By Kimberly Holland
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Large patches of plastic and garbage float on the surfaces of the ocean.

Now we know that same plastic and trash is in every part of the ocean, even the deepest trenches — and the animals there are eating it.

According to new research published in the journal Royal Society Open Science, six of the ocean’s deepest trenches are flooded with bits of plastic and synthetic fibers.

A deep-sea amphipod
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In their study, the researchers from the University of New Castle collected samples of deep-sea amphipods, or small shrimp-like creatures that live at the very bottom of the ocean, at depths greater than 7,000 meters (20,000 feet). From their six collection sites in the Pacific Ocean, the researchers discovered that more than 80 percent of the amphipods they collected had plastic fibers and particles in their hindgut, a deep part of the creature's digestive system. The presence of plastic there indicates they’ve been exposed to the particles or fiber for a lengthy period of time.

What’s perhaps more shocking is that in the Mariana Trench, the deepest crevasse in the world’s oceans at 10,890 meters (35,728 feet), 100 hundred percent of the amphipods had fibers or particles of plastic in their hindgut. This suggests the concentrations of plastic are even greater the deeper you go.

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In 2014, researchers discovered the world’s deepest seafloors were littered with plastic debris. Now, this latest research completes the circle of plastic contamination, making it clear the world’s oceans are littered with trash and potential contaminants. It also illustrates that the deepest places in the ocean are more polluted than perhaps thought because the plastic dropped from land sinks and has nowhere else to go once it hits the bottom.

“Microplastics ... are of particular concern in marine environments because they may be similar or smaller in size to prey or particles selected for ingestion by marine organisms," the authors wrote.

While these tiny sea creatures feed on plastics, they’re prey for larger sea creatures, which ingest plastics from their waters, too. Even larger creatures feed on them, and inevitably the plastic-filled fish enter the food cycle of fish and creatures that humans eventually eat.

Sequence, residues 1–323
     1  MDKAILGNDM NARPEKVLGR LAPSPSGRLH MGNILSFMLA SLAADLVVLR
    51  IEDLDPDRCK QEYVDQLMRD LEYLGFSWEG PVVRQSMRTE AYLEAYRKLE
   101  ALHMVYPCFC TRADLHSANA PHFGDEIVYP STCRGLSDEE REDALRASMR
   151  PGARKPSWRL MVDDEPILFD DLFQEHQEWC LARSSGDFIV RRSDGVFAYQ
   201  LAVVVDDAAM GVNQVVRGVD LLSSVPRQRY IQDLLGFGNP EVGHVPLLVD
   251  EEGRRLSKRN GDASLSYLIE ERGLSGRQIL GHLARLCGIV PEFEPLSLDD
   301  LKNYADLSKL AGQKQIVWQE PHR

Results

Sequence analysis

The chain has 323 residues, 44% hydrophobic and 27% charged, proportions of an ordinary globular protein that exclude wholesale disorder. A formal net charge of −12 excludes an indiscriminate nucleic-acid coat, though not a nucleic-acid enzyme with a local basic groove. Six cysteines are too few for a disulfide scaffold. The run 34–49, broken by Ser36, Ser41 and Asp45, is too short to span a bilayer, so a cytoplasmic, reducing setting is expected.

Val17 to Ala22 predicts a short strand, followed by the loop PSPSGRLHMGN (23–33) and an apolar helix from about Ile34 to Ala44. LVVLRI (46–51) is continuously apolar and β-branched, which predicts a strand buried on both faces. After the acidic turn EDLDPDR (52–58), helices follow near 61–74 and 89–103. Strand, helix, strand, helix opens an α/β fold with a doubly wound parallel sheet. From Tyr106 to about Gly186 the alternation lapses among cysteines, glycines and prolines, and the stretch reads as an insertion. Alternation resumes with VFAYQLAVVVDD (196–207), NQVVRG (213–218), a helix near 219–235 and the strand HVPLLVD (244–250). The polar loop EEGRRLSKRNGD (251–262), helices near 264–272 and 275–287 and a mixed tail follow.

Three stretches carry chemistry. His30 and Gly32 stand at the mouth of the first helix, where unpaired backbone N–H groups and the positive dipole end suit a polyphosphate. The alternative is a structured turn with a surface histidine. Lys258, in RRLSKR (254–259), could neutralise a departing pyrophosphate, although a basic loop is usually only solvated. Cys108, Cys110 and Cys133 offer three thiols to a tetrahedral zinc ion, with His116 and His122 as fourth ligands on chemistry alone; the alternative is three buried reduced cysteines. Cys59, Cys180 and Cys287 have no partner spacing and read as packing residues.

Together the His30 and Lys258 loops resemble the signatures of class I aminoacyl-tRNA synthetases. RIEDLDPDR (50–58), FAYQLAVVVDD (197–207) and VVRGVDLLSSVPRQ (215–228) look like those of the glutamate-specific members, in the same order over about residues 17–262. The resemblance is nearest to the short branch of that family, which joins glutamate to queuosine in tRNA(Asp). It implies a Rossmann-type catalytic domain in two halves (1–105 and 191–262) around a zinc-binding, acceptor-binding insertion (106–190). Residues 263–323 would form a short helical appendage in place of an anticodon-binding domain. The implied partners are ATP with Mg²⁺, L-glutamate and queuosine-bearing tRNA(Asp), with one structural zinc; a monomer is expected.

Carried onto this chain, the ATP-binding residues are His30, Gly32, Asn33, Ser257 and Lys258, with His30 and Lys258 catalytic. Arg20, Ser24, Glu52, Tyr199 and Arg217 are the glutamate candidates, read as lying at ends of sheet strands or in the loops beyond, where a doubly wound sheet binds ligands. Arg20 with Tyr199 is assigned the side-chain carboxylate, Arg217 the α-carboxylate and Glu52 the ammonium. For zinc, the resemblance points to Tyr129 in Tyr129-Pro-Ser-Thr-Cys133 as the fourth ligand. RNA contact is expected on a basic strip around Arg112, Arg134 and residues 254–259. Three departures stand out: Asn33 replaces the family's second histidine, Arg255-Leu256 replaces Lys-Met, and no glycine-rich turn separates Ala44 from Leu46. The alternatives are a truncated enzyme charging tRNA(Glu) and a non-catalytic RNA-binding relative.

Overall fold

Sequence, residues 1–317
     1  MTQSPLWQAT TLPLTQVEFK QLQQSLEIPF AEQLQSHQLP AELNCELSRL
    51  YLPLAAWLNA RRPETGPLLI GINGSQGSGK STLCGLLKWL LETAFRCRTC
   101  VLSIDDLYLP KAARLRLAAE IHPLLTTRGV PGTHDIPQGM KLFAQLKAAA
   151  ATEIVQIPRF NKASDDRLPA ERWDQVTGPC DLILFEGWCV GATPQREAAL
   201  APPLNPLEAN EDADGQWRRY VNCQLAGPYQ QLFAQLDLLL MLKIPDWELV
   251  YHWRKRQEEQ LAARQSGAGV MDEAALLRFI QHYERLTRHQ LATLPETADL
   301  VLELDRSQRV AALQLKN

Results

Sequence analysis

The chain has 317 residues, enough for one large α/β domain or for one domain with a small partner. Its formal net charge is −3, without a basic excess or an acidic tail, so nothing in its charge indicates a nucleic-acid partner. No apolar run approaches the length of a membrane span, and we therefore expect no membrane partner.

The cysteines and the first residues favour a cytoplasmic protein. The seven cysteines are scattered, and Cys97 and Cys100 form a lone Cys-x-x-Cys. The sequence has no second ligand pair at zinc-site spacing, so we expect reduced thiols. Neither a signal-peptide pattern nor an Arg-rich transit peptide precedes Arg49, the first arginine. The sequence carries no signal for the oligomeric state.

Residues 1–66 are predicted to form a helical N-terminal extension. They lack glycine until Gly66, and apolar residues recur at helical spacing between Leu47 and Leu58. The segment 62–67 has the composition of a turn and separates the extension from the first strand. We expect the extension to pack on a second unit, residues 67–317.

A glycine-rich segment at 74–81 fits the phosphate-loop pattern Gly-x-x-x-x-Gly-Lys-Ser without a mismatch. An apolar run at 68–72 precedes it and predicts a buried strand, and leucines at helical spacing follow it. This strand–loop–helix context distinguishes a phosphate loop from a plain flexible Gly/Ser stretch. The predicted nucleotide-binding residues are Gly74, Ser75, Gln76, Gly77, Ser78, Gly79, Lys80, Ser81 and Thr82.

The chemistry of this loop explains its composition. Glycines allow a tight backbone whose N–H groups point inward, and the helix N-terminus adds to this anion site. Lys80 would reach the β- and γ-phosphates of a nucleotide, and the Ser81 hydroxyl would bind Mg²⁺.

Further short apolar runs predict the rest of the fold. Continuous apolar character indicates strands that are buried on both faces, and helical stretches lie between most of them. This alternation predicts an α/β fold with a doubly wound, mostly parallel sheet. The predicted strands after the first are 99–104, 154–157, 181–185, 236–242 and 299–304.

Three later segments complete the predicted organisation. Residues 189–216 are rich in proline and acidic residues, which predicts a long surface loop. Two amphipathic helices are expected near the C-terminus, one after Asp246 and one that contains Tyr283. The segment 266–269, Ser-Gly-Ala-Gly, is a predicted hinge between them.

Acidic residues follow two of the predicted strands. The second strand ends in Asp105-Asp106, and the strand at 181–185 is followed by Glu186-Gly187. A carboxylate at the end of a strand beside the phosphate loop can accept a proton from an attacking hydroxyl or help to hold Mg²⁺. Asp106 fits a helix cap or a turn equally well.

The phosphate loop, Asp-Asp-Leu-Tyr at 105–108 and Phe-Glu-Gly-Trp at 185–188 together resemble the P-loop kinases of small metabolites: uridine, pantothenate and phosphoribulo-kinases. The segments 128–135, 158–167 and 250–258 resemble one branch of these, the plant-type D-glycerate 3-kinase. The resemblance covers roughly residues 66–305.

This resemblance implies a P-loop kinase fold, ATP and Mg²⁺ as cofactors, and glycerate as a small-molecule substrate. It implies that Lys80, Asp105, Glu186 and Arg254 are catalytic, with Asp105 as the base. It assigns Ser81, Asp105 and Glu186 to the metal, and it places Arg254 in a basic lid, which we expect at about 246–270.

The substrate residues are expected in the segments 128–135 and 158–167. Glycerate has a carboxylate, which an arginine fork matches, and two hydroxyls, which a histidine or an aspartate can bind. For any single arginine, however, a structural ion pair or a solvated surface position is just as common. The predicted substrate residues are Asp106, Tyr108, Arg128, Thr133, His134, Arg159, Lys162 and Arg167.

“If we could magically snap our fingers over 10, 20, 50 years time and stop making plastic, what would happen to the plastic in the river? It would flush and wash out,” Alan Jamieson, a marine biologist at Newcastle University and the study's lead author, told National Geographic. “The coastlines would dilute and disperse. In the open ocean, the UV and wave action would act on that plastic and the surface would be clean again. What happens when you get to the deep sea, there's no dispersal or flushing. It's only going to get more and more and more.”

Today, more than 51 trillion pieces of plastic fill the earth’s oceans, and 90 percent of that plastic is microscopic, the kind of plastic sea creatures ingest when eating or taking in water.

“We can now say with confidence that plastic is everywhere,” Jamieson says. “Let's not waste our time looking for more. Let's concentrate our efforts on what it is actually doing.”

This most recent discovery adds to a mounting list of shocking places plastic has been discovered in the world’s oceans.

Last December, philanthropist Richard Branson, French explorer Jacques Cousteau, and National Geographic submersible pilot Erika Bergman explored the deepest trenches of Belize’s Great Blue Hole. There, they plotted stalactites and found creatures, like conches, that had fallen into the blue hole and suffocated due to the lack of oxygen. They also found plastic.

“As for the mythical monsters of the deep? Well, the real monsters facing the ocean are climate change – and plastic,” Branson wrote after the exploration. “Sadly, we saw plastic bottles at the bottom of the hole, which is a real scourge of the ocean.”

Related: Environmentalists Say Tiny Plastic 'Nurdles' Threaten Earth's Oceans